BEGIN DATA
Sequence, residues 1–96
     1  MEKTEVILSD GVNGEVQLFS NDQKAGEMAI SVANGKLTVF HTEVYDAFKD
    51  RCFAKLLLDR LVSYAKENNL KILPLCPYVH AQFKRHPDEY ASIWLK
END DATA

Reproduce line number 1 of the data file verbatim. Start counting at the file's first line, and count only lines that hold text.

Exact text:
Sequence, residues 1–96